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Summary:

A day after announcing an abrupt departure of its CEO, First Solar has some good news that is helping to stem the rapid dive of its stock: pretty good third quarter earnings.

First Solar_Cimarron

A day after announcing an abrupt departure of its CEO, First Solar has some good news that is helping to stem the rapid dive of its stock. The solar panel maker on Wednesday said it’s boosted both sales and profit for the third quarter, and will also cut costs as it moves into 2012.

The company’s shares rose nearly 14 percent to reach $49.20 per share in recent trading, a reversal from the 26-percent drop from Tuesday, when it said its chief executive for two years, Robert Gillette, had left his post effective immediately and was replaced with interim CEO Mike Ahearn, who spent nearly a decade building First Solar into a successful public company before he stepped down in Sept. 2009. The company also said Tuesday it wouldn’t release the third-quarter financial results until next Thursday.

The terse announcement and the prospect of a week’s wait to hear the reason for Gillette’s ouster and company’s future plans fueled speculations and pummeled its shares. The news that Ahearn will helm the company until it finds a permanent replacement didn’t really help to calm anxiety. Although First Solar has now released the financial results earlier, it still plans to discuss them next Thursday.

This is what Ahearn said about Gillette’s departure in a statement Wednesday: “We thank Rob for his service, but the Board of Directors believes First Solar needed a leadership change to navigate through the industry turmoil and achieve our long-term goals.”

First Solar financials

So let’s look at how it fared in the third quarter: Sales rose 26 percent year-over-year to reach just over $1 billion, and the company also doubled its sales in the second quarter. Net income rose 11 percent year-over-year to reach $176.9 million, or $2.25 per share, which is a dramatic improvement from the second-quarter net income of $61.1 million, or $0.70 per share.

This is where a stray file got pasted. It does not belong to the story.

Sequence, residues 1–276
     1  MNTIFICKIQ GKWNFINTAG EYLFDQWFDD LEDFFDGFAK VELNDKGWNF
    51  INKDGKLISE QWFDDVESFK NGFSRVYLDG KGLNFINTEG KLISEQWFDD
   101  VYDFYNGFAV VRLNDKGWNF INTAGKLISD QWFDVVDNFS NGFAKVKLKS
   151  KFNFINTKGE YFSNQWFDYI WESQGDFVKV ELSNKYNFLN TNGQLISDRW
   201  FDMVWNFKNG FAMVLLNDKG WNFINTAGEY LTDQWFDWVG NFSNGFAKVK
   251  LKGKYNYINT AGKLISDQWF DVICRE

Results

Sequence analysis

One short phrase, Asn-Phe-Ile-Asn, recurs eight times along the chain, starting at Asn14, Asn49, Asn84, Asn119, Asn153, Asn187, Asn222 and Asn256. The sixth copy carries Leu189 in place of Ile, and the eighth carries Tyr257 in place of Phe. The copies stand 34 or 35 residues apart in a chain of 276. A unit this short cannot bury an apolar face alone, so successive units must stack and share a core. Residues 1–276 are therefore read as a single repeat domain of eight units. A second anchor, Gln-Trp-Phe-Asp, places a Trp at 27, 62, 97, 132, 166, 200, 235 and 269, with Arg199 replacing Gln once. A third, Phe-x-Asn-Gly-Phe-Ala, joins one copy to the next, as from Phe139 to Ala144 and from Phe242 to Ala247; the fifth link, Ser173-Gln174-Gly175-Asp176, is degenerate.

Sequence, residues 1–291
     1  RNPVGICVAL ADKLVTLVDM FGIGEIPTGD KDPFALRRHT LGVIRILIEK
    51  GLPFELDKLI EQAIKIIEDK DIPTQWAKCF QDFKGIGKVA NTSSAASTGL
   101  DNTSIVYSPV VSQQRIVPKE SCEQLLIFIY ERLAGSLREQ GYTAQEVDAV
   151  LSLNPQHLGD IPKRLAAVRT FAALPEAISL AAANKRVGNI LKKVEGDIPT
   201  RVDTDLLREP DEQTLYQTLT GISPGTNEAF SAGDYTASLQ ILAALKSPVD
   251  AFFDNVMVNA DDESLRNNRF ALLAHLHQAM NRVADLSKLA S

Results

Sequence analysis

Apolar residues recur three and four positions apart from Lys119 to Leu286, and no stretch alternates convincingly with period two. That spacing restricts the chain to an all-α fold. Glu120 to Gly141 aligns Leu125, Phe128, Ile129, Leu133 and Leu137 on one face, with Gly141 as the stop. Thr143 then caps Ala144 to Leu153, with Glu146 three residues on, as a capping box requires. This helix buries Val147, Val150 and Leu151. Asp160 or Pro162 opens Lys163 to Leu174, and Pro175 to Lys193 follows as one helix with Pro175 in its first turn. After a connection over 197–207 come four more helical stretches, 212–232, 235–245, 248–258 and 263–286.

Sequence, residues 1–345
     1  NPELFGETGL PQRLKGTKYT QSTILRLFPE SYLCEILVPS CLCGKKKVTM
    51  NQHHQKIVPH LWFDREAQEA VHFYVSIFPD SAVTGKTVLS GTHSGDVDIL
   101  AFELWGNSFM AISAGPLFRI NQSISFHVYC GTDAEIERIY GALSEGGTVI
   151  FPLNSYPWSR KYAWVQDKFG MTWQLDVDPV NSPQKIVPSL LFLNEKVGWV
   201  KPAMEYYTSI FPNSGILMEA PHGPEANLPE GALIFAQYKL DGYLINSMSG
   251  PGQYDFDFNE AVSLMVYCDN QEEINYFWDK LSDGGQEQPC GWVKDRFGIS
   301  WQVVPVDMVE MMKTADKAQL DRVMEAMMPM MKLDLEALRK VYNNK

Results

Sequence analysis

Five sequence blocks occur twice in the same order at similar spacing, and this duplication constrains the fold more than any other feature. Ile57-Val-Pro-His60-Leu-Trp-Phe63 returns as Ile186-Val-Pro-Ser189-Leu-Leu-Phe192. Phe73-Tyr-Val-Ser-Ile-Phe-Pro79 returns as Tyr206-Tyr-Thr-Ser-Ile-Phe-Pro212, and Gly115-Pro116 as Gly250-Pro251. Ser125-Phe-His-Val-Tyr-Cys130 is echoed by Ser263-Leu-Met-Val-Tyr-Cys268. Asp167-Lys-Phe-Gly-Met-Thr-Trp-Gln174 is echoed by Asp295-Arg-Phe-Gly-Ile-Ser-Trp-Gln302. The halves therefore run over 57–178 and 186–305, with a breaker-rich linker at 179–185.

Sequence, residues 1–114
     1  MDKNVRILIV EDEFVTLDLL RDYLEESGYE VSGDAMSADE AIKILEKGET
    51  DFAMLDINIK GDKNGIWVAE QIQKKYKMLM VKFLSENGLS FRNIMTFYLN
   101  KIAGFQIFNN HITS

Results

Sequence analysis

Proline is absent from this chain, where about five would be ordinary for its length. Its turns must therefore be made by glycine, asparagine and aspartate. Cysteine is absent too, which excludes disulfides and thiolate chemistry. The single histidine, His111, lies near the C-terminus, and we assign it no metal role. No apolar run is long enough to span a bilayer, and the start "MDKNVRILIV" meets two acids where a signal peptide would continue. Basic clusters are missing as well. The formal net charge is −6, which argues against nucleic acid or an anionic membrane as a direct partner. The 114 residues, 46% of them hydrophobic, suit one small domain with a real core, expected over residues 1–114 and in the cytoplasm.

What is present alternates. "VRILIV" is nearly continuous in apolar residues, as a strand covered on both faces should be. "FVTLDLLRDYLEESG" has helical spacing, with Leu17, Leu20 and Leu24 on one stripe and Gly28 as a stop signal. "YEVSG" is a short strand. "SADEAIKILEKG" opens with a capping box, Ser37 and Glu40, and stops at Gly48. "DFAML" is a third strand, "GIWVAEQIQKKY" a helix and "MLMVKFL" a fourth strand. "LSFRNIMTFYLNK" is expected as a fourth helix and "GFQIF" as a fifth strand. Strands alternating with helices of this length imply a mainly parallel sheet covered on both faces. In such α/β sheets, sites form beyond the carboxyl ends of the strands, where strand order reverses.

The third-quarter financial results corresponded with the rosier outlook Gillette gave back in August, when he discussed the terrible second-quarter earnings. He said the company was “positioned for a better second half.”  But the company has cut its 2011 earnings expectation to $6.50-$7.50 per share, down from the $9-$9.50 per share it issued in August. Sales for the year should reach $3-$3.3 billion instead of $3.6-$3.7 billion.

As an industry bellwether, First Solar’s performance gives a good indicator of the health of the overall solar industry. The company is among the top solar panel manufacturer in the world, and because it uses cadmium-telluride instead of the more popular silicon, it also is the largest thin-film solar panel manufacturer. Thin films refer to the use of non-silicon materials that create much thinner solar panels.

Although First Solar has long enjoyed the reputation for being the low-cost manufacturing leader, its position is increasingly threatened with the rapid falling prices of silicon solar panels. The price declines have been particularly dramatic this year (30-40 percent) because changes to solar incentives in Europe and still weak economy prompted project developers to delay installations and caused a pile up of several gigawatts of solar panels in warehouses.

The low selling prices for silicon panels, around $1.10 per watt in some instances, indicated that some manufacturers have been selling at a loss. Many companies have suffered huge profit declines, shrunk production and laid off employees. Some, like Solyndra and Evergreen Solar, have filed for bankruptcy. Others, like SolarWorld, are taking on Chinese manufacturers by filing anti-dumping complaints, which accuse the Chinese manufacturers of flooding the market with panels at below-market prices.

Europe, in particular Germany and Italy, has been the largest solar market because of generous government subsidies that guarantee high solar electric prices. But the incentives are designed to fall over time as the market grows, so manufacturers are keenly aware that they need to find new markets. First Solar began talking a lot about the new markets it wanted to enter – India, Australia, Middle East, for example – a year ago. It followed up with deals in some of these countries.  The company also has been active solar farm developer in North America in the past two years, a business that helps find outlets for its solar panels.

For 2012, First Solar is in the cost-cutting mode. The company said it wants to reduce capital expenditure – which would mean a scale back of investments in its factories – and boost spending in sales, marketing and research and development.

Photo courtesy of First Solar

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  1. Looks like demand is starting to pick up as prices fall further

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